Former NFLer Looks To Supreme Court In Appeal Twitter Taps BAM Tech For Aid In NFL Streams MLB Holding Childhood Cancer Awareness Day NFL, CBS, Twitter Developing "TNF" Viewership Metric National Pro Fastpitch League Seeing Growth NFL, NFLPA Interested In Limiting Goodell's Power? NFL Undecided On Sensors In Balls For Season Inflexible Scheduling Hurts Marquee MLS Matchups Young, Small-Market NHL Owners Push Analytics Harbaugh Is Critical On Number Of Preseason Games
SBD/March 21, 2011/Leagues and Governing Bodies
NFL Lockout Watch, Day 10: NFLPA Exec Committee Sends Letter To Goodell
Published March 21, 2011
WANT MORE GREAT STORIES LIKE THIS?
CLICK ON ONE OF THESE BUTTONS
TENSION GROWS: When asked if Goodell's letter last week was sent in good faith, NFLPA Exec Dir DeMaurice Smith said, "No." He later added, "They know the proper way to engage in the discussion" (NFL.com, 3/18). “Let’s not kid ourselves,” Smith said. “Jeff Pash was one of the lawyers who worked in the league in 1993. He knows that class counsel can always engage in discussions with class counsel for the National Football League relating to a settlement. He knows what letter should have been sent.” Meanwhile players expressed anger at public comments and statements from the NFL calling the NFLPA a union and calling for collective bargaining to resume. Some said they saw it as an effort to divide players across the league, or to trick the group into acting like a union to help the NFL prove its argument that the decertification was a sham. "It's all bait and we're smarter than that," said Fujita. "Bait to play that game we're not going to play. We're not stupid. Spelled s-t-o-o-p-i-d." Chiefs LB and NFLPA Exec Committee member Mike Vrabel said, "Any negotiations from this point forward will be with the class and with our representatives. What they don’t need to do is they don’t need to send a letter to every current player urging them to ask their 'union' -- to use Roger Goodell’s language. … Until he refers to us as a class and as an association, it’s going to be tough for us to move forward.” Cowboys LB and player rep Bradie James said he saw the purpose of Goodell’s letter as a way to divide players. Steelers S and player rep Ryan Clark said he saw it as a way to create confusion and dissension among the 1,900 players.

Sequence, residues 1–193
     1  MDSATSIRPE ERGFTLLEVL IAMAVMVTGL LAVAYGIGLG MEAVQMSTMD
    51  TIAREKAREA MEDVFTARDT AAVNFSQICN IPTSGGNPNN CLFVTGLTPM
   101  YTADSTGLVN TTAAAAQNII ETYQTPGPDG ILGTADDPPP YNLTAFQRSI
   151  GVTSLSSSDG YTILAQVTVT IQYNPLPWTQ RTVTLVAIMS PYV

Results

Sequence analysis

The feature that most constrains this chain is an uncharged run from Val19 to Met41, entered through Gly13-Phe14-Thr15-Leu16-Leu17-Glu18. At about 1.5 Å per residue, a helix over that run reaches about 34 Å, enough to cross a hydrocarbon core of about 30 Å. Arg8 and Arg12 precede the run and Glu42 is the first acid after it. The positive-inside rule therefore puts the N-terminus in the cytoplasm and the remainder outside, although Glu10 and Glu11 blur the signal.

DIVIDE & CONQUER? Asked what he thought the purpose of Goodell's letter was, James said, "To divide us. It's that simple" (ESPNDALLAS.com, 3/19). Colts WR and player rep Anthony Gonzalez said, "To say there are half-truths in that letter is ambitious. They're like quarter-to-less truths. We're trying to fill in the gaps." He added, "Honestly, Roger Goodell has a huge voice. I don't have that platform. We have to be more personal where he can be more public and get the message out." Redskins DE and player rep Vonnie Holliday: "When you just look at the email itself, it's really a joke" (FOXSPORTS.com, 3/18). Lions DE and player rep Kyle Vanden Bosch: "I didn’t expect it. I think it was the first email I got from Mr. Goodell. It was shocking and there was just a lot of things in that email that didn’t seem to be accurate with the things we had been talking about in our meetings and the information that we received. It seems likes there’s a lot of misinformation out there and I think it’s just important that the players, especially, understand the facts" (DETROIT FREE PRESS, 3/19).
LEADER OF THE FREE WORLD: NFL.com's Albert Breer cited NFLPA sources as saying that Smith told players on Friday that he "will cut his salary to $0 until the labor dispute" over a new CBA is settled. This move comes after Goodell and Pash cut their salaries to $1 each during the work stoppage. Goodell and Pash earn about $10M and $5.5M per year, respectively, while Smith is said to earn about $1.8M from the NFLPA (NFL.com, 3/18).